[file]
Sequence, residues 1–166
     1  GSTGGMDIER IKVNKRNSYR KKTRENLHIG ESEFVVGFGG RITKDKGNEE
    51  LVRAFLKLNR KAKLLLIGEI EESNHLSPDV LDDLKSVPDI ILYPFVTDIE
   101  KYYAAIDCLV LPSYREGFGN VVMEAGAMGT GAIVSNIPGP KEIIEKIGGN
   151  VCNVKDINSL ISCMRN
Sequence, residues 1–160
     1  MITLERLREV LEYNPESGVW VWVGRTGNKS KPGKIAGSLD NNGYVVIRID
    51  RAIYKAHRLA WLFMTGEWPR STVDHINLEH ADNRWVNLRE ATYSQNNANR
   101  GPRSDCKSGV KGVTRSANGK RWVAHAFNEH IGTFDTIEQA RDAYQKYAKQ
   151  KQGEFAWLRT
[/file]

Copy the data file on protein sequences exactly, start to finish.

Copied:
Sequence, residues 1–166
     1  GSTGGMDIER IKVNKRNSYR KKTRENLHIG ESEFVVGFGG RITKDKGNEE
    51  LVRAFLKLNR KAKLLLIGEI EESNHLSPDV LDDLKSVPDI ILYPFVTDIE
   101  KYYAAIDCLV LPSYREGFGN VVMEAGAMGT GAIVSNIPGP KEIIEKIGGN
   151  VCNVKDINSL ISCMRN
Sequence, residues 1–160
     1  MITLERLREV LEYNPESGVW VWVGRTGNKS KPGKIAGSLD NNGYVVIRID
    51  RAIYKAHRLA WLFMTGEWPR STVDHINLEH ADNRWVNLRE ATYSQNNANR
   101  GPRSDCKSGV KGVTRSANGK RWVAHAFNEH IGTFDTIEQA RDAYQKYAKQ
   151  KQGEFAWLRT